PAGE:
The Foreign Service Journal, March 2024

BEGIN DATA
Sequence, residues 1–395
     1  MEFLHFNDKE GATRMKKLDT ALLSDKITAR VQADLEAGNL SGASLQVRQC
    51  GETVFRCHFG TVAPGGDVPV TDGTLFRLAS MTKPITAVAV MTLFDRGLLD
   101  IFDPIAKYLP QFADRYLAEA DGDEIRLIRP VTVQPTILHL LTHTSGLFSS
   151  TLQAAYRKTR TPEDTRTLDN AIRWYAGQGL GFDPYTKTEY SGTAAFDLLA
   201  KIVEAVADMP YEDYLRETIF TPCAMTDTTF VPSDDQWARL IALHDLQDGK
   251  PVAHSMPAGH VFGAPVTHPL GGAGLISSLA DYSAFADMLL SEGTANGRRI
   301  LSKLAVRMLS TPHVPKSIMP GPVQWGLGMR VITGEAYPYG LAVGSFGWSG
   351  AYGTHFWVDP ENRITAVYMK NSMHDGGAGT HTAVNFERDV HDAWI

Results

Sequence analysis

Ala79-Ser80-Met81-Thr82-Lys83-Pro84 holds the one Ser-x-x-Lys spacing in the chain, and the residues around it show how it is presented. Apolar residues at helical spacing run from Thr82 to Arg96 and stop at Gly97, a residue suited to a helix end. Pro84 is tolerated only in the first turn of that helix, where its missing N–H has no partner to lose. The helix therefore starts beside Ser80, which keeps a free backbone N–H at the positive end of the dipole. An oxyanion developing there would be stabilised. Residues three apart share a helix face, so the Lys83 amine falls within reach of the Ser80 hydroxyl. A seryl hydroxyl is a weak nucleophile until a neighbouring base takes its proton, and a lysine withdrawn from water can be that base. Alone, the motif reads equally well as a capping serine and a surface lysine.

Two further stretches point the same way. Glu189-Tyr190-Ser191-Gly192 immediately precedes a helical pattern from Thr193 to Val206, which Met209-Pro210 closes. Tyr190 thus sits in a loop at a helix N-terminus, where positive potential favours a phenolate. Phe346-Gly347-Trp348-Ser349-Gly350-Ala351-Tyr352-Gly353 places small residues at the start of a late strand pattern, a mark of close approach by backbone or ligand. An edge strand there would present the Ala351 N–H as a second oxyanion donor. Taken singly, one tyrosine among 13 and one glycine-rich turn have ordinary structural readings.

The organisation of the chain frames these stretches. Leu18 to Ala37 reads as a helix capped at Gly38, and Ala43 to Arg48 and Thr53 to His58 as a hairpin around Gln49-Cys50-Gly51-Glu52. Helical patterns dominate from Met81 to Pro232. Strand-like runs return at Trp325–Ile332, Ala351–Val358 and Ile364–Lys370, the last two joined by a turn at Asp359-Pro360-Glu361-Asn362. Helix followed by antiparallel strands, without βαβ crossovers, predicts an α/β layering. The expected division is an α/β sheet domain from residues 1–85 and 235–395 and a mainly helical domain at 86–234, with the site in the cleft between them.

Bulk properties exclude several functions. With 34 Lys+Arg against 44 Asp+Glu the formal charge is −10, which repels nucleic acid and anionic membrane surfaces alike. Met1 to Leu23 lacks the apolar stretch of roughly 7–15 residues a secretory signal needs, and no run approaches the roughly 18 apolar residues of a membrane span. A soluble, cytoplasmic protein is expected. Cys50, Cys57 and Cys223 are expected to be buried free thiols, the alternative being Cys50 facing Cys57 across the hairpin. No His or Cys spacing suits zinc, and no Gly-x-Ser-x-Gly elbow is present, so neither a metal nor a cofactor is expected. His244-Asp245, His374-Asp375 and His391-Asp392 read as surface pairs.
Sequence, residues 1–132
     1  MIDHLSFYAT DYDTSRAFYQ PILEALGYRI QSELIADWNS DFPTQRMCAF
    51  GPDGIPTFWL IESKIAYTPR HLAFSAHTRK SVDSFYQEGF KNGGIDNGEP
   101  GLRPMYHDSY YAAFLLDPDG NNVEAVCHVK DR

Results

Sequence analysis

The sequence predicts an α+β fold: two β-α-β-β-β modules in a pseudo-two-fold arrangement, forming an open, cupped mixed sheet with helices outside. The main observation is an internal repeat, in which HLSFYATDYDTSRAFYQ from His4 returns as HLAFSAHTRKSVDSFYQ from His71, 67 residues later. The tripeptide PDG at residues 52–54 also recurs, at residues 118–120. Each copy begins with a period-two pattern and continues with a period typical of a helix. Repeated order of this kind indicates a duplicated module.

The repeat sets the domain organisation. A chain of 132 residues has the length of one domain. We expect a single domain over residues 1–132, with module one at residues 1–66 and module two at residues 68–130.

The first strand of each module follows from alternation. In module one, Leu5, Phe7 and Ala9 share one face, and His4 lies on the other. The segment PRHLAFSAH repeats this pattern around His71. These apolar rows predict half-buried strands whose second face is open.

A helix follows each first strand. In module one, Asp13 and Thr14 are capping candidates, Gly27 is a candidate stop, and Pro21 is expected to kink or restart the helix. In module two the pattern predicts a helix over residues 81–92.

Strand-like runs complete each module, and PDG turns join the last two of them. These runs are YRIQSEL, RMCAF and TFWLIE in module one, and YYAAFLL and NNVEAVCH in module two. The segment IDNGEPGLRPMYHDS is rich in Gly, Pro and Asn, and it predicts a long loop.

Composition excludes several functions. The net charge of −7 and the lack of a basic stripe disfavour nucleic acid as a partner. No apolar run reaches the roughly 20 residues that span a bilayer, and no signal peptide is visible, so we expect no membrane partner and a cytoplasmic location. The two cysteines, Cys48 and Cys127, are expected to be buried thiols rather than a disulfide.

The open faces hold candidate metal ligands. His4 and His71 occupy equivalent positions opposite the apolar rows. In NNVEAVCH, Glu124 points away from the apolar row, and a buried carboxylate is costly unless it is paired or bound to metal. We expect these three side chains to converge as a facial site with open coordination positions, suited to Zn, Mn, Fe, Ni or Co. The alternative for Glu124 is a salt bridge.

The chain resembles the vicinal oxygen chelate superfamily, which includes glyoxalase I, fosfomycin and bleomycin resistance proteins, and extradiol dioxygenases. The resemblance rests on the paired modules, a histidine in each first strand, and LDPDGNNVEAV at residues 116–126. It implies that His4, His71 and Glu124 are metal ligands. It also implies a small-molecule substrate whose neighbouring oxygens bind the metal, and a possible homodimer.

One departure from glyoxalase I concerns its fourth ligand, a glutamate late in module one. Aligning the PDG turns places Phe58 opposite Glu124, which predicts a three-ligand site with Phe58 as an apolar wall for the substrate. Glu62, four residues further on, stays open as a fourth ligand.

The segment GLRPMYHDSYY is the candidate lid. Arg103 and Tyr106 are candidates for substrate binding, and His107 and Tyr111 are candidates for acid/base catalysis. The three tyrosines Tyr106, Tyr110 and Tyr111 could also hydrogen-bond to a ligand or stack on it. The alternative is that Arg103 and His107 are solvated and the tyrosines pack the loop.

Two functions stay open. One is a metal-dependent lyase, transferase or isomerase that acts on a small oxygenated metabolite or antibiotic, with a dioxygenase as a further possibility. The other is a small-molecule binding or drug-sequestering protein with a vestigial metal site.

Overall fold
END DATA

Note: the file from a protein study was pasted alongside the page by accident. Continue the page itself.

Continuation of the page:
78 MARCH 2024 | THE FOREIGN SERVICE JOURNAL If you would like us to include an obituary in In Memory, please send text to Be sure to include the date, place, and cause of death, as well as details of the individual’s Foreign Service career. Please place the name of the AFSA member to be memorialized in the subject line of your email. The daughter of Irene and Richard Webster, Ms. Webster was born on Jan. 7, 1922, and grew up in Fort Smith, Ark. She graduated from Lincoln High School—a historic segregated “colored school”—in 1940. After World War II, she attended the Cleveland College in Cleveland, Ohio. In need of housing, she was referred to Ms. Mabelle Perry, who introduced her to the Baha’i faith. Ms. Webster’s desire to secure meaningful employment and to be of service to humanity as implored by Baha’u’llah, founder of the Baha’i faith, led her to apply to the Foreign Service of the U.S. Department of State. She was working as a stenographer when she was invited to Washington, D.C., to take the Foreign Service exam. Ms. Webster joined the Foreign Service during the Eisenhower administration in 1954 and served in Washington, D.C., Tokyo, Seoul, Mexico City, La Paz, Rio de Janeiro, Oslo, and Paris. She enjoyed interacting with people and exploring the cities where she was assigned. Photographs she took while posted in Seoul were included in a book and an exhibit titled Revisit: 1956-1957 Korea at the Czong Institute for Contemporary Art (CICA) Museum. In addition, as an active member of the Baha’i faith, Ms. Webster was recognized for her organizational and people skills. She was often called on to serve in volunteer administrative and leadership roles for local and national Baha’i spiritual assemblies in the countries to which she was posted. Also, she was invited to Haifa, Israel, to prepare the first staffing plans for the volunteers who were supporting the Universal House of Justice. Ms. Webster used her vacation time to teach about the principles of the Oneness of Humanity in places including Uganda, the U.K., Hong Kong, Macau, Iran, Malaysia, and India. Ms. Webster retired in 1976 during the Ford administration. In retirement, she opened an international travel agency. In her spare time, she facilitated an exhaustive search and purchase process for a 44-acre regional Baha’i property in Prince George’s County, Md. She will forever be remembered and cherished for her courageous service, loving kindness, and steadfast religious life and legacy. Ms. Webster was preceded in death by her parents and by siblings Ardelia Dora, Richard, and Adams Jesse. She is survived by her extended family and many friends around the world. n William J. Weinhold, 84, a retired USIA Foreign Service officer, died on July 8, 2023. Known to all as Bill, Mr. Weinhold was born on Jan. 13, 1939, in Sheboygan, Wis., to Wilmer and Gertrude Weinhold. Mr. Weinhold grew up in Kohler, Wis., and graduated from a trade school in Chicago as a radio technician. Inspired by President Kennedy’s 1960 speech announcing the creation of the Peace Corps, he successfully applied to be a Peace Corps volunteer in its inaugural year, 1961, and was sent to what was then Malaya (present-day Malaysia). He met his future wife, Mary, in the same group of volunteers. As some of the very first Peace Corps volunteers, their cohort was seen off at the airport by Sargent Shriver, the first director of the Peace Corps. In Kuala Lumpur, Mr. Weinhold’s Peace Corps assignment was to help expand Radio Malaya, the national radio station. He and Mary were married in Kuala Lumpur in 1962. It was one of the very first overseas marriages between Peace Corps volunteers, and the wedding was covered by Voice of America (VOA) in its international broadcasts. After serving two years in the Peace Corps, the Weinholds traveled extensively in Southeast and Central Asia before returning to Wisconsin, where Mr. Weinhold earned his B.A. from the University of Wisconsin–Milwaukee in 1966. In 1967 Mr. Weinhold joined USIA and served in public diplomacy positions in Thailand, Sri Lanka, Singapore, Burkina Faso, Myanmar, and South Africa. In Washington, D.C., he served in the Office of American Studies, the Bureau of African Affairs, and in what was then the Human Resources Bureau. He retired in 2000 with more than 35 years of federal service. In retirement, Mr. Weinhold actively served those in need in a variety of roles, including delivering meals, participating in musical performances at care institutions, and volunteering at The Closet, a charity store in Herndon, Va. He was also a participant in the Encore Chorale. An avid sports fan, he was a fervent supporter of the Green Bay Packers, Milwaukee Brewers, and Washington Nationals. Mr. Weinhold is remembered as being loving, kind, and generous. He is survived by his wife, Mary; children Scott, Shana, and Patrick; and nine grandchildren. n